Won prize for best PhD project

Huong Huynh finished her PhD project at University of Stavanger October 2021. Now her PhD thesis has been selected as Best Norwegian PhD in Catalysis.

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Huong Huynh. Photo: Private

Even though it has been one and a half year since Huynh finished her research project at University of Stavanger, it still has an impact. Just before Easter, Huynh got an e-mail from a Professor at NTNU.

"It is my pleasure to inform that your PhD thesis has been selected as Best Norwegian PhD in Catalysis for the period April 2021-March 2023, by the Catalysis section of the Norwegian Chemical Society. Congratulations!," was the message in the e-mail from Professor Hilde Venvik at NTNU.

"I feel extremely grateful," Huynh says.

She is going to Trondheim in June to receive the award and present her work at a catalysis seminar. She has also been entered into European Federation of Catalysis Societies (EFCATS) competition for best PhD in Europe.

About the project

The transition towards renewable energy resources has increased the need for large-scale and long-term energy storage systems.

"My PhD project was to study the Power-to-Gas technology, which is converting renewable H2 and captured CO2 to methane (synthetic natural gas) via a catalytic chemical reaction called CO2 Methanation. The project focused on the development of catalysts and reactors in order to improve the process efficiency," Huynh explains.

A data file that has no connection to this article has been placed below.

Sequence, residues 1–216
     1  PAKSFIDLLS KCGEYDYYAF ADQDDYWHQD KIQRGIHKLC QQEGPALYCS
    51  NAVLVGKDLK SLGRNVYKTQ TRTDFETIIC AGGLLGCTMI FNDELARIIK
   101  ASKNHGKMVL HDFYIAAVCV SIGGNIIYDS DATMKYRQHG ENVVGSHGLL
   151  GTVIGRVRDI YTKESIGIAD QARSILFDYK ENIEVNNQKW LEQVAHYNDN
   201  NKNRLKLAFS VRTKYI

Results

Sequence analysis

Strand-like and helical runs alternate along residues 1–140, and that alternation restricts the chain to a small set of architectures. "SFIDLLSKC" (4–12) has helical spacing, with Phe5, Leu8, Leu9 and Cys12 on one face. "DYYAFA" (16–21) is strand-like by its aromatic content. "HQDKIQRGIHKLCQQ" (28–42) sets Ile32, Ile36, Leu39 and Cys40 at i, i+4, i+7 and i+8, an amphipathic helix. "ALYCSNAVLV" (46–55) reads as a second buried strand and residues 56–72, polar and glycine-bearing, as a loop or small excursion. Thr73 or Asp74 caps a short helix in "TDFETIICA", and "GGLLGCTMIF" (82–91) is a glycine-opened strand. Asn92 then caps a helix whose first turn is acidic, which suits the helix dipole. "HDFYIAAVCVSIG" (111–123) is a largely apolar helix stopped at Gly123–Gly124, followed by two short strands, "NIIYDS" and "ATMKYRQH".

Her project had a wide approach including material (catalyst) synthesis, characterization, reaction testing, reactor scale-up design, kinetics and computational modelling studies. All the lab work was building up the comprehensive thesis with several peer-reviewed journal articles and a book chapter.

Relevant background

After finishing her PhD, Huong Huynh got a job as Process Engineer for CO2 and H2 system at Aker Solutions.

"My current projects are related to Carbon Capture, Utilization and Storage (CCUS). For example, currently I’m working on the Northern Lights project. CO2 will be offloaded from ship, temporarily stored onshore and then exported via subsea pipeline to subsea injection template for permanent storage. This is a part of the solution to tackle climate change and reduce greenhouse gases emissions. My background in CO2 utilization processes at UiS are important for me in my current job, and also for my future career development," Huynh says.

She is grateful for her time at UiS.

"I would like to thank the faculty and the department for my opportunities with this PhD project. I would also like to thank my supervisor for his throughout guidance, and my colleagues and lab engineers for the tremendous support," Huynh says.

Professor Zhixin Yu was Huynh's main supervisor.

"I have had a wonderful 3 year PhD work and I could not have accomplished this without the support from everyone at the Department of Energy and Petroleum Technology," Huong Huynh says.